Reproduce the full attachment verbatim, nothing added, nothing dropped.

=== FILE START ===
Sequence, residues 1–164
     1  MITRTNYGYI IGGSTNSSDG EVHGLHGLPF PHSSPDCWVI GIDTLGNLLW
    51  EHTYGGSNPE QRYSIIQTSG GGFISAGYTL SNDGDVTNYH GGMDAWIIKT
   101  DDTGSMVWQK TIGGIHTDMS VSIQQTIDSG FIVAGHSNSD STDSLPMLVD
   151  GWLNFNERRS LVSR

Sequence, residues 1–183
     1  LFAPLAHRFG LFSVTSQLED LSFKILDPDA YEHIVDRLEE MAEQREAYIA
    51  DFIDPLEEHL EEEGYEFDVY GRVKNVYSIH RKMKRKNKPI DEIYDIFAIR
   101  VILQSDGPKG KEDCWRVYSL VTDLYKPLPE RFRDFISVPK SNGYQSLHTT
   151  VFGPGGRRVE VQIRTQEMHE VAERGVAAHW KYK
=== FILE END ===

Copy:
Sequence, residues 1–164
     1  MITRTNYGYI IGGSTNSSDG EVHGLHGLPF PHSSPDCWVI GIDTLGNLLW
    51  EHTYGGSNPE QRYSIIQTSG GGFISAGYTL SNDGDVTNYH GGMDAWIIKT
   101  DDTGSMVWQK TIGGIHTDMS VSIQQTIDSG FIVAGHSNSD STDSLPMLVD
   151  GWLNFNERRS LVSR

Sequence, residues 1–183
     1  LFAPLAHRFG LFSVTSQLED LSFKILDPDA YEHIVDRLEE MAEQREAYIA
    51  DFIDPLEEHL EEEGYEFDVY GRVKNVYSIH RKMKRKNKPI DEIYDIFAIR
   101  VILQSDGPKG KEDCWRVYSL VTDLYKPLPE RFRDFISVPK SNGYQSLHTT
   151  VFGPGGRRVE VQIRTQEMHE VAERGVAAHW KYK